The USGS Water Science School
The bushes in this picture are being irrigated using the "drip irrigation" method, which is the most common type of "microirrigation." If you look closely you'll see the small horizontal pipes that are slowly dripping water running just above the ground. Drip irrigation is one of the more advanced techniques being used today because, for certain crops, it is much more efficient than traditional spray irrigation, where a larger portion of the water is lost to evaporation.
In drip irrigation, water is run through pipes (with holes in them) either buried or lying slightly above the ground next to the crops. Water slowly drips onto the crop roots and stems. Unlike spray irrigation, very little is lost to evaporation and the water can be directed only to the plants that need it, cutting back on water waste.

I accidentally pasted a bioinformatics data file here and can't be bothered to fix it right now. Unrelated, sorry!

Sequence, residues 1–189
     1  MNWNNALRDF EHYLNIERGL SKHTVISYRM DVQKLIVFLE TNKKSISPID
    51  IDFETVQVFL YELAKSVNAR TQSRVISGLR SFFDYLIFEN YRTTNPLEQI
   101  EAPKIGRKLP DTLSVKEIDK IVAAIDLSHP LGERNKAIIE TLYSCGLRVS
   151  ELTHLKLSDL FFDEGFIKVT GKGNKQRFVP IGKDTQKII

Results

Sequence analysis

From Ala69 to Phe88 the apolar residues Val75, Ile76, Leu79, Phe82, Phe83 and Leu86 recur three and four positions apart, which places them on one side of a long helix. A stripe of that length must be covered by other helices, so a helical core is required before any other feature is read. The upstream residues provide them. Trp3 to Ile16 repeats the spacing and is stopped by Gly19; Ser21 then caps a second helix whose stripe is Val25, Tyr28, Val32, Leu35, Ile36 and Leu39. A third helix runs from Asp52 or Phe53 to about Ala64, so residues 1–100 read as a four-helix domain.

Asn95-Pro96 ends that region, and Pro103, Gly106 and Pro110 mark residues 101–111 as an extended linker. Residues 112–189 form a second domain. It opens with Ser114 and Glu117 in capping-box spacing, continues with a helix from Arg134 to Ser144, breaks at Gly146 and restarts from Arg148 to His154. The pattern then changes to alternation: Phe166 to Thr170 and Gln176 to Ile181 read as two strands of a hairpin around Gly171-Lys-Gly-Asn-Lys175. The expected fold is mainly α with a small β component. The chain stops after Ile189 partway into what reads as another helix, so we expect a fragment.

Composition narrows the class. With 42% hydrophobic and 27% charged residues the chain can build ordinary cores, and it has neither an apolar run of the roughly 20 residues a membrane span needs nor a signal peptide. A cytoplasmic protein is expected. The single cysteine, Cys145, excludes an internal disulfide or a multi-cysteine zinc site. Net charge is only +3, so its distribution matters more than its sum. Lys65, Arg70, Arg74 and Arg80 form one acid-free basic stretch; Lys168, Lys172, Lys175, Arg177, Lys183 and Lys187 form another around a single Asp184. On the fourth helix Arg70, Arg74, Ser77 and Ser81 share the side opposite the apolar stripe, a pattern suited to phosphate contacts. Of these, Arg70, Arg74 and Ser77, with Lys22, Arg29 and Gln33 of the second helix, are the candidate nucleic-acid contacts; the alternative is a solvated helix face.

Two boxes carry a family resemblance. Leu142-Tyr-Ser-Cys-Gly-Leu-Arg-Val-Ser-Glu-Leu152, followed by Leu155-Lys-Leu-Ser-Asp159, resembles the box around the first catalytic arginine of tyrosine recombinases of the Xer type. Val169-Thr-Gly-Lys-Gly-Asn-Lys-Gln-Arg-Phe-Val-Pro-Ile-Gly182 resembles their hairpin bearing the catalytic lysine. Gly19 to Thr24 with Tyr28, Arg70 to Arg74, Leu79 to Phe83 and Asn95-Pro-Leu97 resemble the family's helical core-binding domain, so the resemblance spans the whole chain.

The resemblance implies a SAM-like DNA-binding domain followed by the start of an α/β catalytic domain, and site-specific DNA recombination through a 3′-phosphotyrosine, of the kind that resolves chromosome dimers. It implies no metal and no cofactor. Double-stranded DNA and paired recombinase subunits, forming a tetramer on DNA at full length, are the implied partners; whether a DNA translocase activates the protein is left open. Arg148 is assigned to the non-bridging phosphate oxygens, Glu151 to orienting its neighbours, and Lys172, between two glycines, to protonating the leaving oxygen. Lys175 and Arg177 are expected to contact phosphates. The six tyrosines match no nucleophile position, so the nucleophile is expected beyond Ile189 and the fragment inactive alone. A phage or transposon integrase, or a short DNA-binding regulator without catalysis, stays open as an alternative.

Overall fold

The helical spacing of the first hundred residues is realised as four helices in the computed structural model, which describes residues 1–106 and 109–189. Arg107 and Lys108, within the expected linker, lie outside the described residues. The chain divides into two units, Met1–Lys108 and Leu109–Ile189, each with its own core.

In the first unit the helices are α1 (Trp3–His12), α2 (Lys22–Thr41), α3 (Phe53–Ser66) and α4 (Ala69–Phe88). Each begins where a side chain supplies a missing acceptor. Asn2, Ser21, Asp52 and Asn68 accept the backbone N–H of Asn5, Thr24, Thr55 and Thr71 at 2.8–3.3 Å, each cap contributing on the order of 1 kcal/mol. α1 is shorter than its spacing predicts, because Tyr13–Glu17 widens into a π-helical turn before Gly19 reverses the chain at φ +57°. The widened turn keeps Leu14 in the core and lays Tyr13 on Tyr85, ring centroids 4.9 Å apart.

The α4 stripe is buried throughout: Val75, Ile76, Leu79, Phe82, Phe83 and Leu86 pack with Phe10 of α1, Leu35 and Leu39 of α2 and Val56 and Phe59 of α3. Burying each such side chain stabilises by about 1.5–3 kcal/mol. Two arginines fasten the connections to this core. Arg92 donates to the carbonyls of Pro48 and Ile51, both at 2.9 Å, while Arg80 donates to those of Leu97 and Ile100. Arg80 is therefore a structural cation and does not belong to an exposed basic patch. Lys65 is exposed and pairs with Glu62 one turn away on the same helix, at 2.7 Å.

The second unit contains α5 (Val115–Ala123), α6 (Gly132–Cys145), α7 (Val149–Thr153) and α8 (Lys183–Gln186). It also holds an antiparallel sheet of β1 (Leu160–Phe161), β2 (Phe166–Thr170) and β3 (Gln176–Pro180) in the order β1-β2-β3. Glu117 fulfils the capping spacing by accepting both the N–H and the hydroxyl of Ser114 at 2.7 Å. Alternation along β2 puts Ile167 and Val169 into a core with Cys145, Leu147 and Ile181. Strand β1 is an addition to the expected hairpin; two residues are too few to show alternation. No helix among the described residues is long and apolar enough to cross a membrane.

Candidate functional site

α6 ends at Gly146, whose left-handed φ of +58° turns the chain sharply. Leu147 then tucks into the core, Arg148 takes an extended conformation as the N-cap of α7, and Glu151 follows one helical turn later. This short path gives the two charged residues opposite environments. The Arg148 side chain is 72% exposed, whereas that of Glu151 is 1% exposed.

Microirrigation has gained attention during recent years because of its potential to increase yields and decrease water, fertilizer, and labor requirements if managed properly. Microirrigation systems can apply water and fertilizer directly to individual plants or trees, reducing the wetted area by wetting only a fraction of the soil surface; thus, water is applied directly to the root zone.
Irrigation is one of the major uses of water throughout the world. In the United States in year 2000, irrigation withdrawals were an estimated 137,000 million gallons per day (Mgal/d), or 153,000 thousand acre-feet per year. About 61,900 thousand acres were irrigated in 2000. Of this total acreage, about 28,300 thousand acres with microirrigation systems. The average application rate was 2.48 acre-feet per acre for the United States.
Data table of irrigation water use, by State, in the United States in year 2000.
Irrigation water use | Irrigation techniques | Irrigation methods
Irrigation use, 2000: Data table | Map
Irrigation methods: Spray | Flood | Drip | Low-energy